BEIJING -A Beijing-based anti-smoking group on Thursday said there was no such thing as a safe cigarette and accused some tobacco companies of deceiving consumers.
Cigarettes hyped as low in tar and nicotine or laced with traditional Chinese medicine are misleading, if not outright cheating, warned Wu Yiqun, deputy director of the NGO Think Tank Research Center for Health Development at a seminar.
China has 350 million smokers, official statistics show. Every year, one million die of smoking-related diseases such as lung cancer.
A survey conducted by sohu.com, one of China's major news portals, found that nearly 57 percent of smokers considered cigarettes marketed as low in tar and nicotine as being less harmful.
In fact, "as scientific studies worldwide have shown, (they) pose the same health risks to smokers as regular ones," Wu said.
China still applies the tar/nicotine measuring standard issued by the US Federal Trade Commission in 1966.
However, the commission rescinded the machine-based measurement as it could not provide meaningful data on the amount of tar and nicotine actually inhaled, said Wang Yiqun, an anti-smoking advocate.
The flawed testing method is largely used by the domestic tobacco industry to make false statements that their products are low in tar and nicotine, she noted.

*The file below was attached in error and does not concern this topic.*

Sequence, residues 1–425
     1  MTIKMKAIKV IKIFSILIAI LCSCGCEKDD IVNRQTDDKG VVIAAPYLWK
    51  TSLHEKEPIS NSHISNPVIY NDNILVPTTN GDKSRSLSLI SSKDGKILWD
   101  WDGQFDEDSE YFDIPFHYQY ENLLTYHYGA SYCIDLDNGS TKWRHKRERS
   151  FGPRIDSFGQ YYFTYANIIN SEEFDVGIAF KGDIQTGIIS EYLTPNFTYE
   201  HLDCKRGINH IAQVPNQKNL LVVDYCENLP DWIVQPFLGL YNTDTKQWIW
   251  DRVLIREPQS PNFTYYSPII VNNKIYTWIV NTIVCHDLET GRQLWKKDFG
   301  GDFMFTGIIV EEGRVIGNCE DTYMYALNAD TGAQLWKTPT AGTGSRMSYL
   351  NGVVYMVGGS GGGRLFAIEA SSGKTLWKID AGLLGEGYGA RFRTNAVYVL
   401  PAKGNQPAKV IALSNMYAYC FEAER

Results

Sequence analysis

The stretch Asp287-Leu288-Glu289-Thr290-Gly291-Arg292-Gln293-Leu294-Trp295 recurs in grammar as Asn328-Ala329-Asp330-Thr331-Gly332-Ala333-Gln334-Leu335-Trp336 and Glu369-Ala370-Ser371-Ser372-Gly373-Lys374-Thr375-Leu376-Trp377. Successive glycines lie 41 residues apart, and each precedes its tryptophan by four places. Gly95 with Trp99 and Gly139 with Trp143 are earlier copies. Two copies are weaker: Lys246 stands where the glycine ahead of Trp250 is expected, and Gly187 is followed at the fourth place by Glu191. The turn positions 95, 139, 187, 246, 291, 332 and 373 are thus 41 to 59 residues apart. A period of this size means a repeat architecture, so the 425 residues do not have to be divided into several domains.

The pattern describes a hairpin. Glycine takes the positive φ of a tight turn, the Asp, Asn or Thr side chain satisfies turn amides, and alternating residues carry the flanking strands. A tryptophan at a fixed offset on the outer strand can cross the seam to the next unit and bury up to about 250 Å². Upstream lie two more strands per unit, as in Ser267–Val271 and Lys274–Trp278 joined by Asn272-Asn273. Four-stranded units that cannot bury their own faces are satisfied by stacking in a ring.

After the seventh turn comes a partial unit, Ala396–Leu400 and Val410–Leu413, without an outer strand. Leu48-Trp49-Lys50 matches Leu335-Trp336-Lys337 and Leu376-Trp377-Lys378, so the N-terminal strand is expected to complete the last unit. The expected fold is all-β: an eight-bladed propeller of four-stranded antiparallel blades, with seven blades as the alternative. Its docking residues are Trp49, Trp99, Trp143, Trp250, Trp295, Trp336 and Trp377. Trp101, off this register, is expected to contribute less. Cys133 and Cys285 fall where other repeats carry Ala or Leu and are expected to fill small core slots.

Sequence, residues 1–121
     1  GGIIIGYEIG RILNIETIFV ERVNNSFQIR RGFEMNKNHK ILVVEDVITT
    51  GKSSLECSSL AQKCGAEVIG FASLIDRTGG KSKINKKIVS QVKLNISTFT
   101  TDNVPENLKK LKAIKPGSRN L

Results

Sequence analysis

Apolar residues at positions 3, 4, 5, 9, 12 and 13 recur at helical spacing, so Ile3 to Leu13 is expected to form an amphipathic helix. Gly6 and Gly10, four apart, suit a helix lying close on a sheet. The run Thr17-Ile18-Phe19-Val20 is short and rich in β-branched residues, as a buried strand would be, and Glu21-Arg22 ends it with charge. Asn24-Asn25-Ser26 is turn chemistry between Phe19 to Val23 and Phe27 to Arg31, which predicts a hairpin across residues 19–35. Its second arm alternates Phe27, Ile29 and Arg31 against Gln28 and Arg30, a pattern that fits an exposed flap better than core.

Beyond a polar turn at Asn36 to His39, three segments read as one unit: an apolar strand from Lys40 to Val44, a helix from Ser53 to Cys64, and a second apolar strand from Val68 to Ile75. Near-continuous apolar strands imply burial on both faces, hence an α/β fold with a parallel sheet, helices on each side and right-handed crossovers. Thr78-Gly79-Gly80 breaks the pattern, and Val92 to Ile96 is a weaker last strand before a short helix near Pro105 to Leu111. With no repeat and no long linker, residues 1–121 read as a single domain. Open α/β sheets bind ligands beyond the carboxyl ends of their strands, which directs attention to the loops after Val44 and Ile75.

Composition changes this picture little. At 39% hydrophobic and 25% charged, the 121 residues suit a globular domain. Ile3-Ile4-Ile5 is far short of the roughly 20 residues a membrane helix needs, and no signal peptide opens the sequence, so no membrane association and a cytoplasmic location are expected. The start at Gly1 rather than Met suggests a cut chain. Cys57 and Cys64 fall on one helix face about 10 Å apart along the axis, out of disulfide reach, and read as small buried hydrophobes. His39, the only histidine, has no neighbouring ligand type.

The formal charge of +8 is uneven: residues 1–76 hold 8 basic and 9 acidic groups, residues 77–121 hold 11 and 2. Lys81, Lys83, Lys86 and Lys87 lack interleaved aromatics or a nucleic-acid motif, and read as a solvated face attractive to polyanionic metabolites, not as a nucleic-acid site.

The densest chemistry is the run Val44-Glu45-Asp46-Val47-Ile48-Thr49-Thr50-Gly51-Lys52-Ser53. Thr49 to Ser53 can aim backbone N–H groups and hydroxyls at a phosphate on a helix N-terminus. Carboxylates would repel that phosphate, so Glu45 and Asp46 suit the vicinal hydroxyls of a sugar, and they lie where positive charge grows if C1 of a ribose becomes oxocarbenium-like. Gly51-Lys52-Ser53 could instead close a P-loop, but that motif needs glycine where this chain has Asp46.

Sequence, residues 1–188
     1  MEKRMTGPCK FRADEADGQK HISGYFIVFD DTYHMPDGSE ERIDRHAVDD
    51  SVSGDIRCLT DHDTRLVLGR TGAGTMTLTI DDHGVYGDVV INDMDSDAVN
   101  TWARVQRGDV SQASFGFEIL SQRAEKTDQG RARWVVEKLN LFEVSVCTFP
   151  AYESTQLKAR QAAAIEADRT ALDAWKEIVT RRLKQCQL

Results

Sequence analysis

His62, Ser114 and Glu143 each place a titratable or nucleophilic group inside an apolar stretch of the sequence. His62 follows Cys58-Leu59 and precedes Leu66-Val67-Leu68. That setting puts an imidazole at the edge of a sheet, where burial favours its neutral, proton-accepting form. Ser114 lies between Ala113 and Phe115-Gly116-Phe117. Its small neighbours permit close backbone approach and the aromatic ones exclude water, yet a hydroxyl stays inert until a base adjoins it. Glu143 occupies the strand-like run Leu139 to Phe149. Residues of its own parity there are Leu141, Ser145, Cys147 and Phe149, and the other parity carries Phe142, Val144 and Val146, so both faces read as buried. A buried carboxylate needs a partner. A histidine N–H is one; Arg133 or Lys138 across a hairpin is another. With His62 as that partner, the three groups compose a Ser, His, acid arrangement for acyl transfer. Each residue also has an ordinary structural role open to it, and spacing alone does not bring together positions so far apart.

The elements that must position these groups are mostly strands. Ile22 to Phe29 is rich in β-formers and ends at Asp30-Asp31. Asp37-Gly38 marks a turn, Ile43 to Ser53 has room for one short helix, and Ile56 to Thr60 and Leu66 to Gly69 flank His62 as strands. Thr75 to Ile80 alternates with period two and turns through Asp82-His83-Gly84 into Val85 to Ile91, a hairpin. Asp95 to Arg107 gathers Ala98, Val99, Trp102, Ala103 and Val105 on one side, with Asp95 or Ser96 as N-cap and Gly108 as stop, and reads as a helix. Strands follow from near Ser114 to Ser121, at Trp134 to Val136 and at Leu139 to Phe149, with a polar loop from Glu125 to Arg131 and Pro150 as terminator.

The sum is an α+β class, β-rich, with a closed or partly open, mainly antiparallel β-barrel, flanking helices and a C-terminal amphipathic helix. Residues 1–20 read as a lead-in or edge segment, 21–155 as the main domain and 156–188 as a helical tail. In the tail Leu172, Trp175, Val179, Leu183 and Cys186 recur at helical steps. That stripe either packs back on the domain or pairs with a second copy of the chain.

"That's unlikely to help consumers make informed decisions," Wu pointed out.
She cited Zhongnanhai cigarettes, made by the Beijing Cigarette Factory.
Setting its sights on low tar/nicotine as a future marketing strategy, the factory allegedly invested heavily in techniques like adding traditional Chinese medicines (TCM) and shifting to light-colored and appealing packages, experts said.
"They are cheating consumers by cigarette pack design connecting low tar and TCM-laced cigarettes with a healthy, stylish and quality lifestyle," Wu noted.
They have also broken the World Health Organization's Framework Convention on Tobacco Control, which specifies that member countries, including China, are obliged to undertake a ban on tobacco advertising, promotion and sponsorship, said Beijing-based lawyer Wang Huiyuan.
China signed the framework in 2003, promising to ban tobacco advertising and promotion by 2011.
A notice on the Beijing Cigarette Factory's official website said that with changing government policy, cigarette packs should change accordingly to elevate brand image, attract more consumers and make more profits.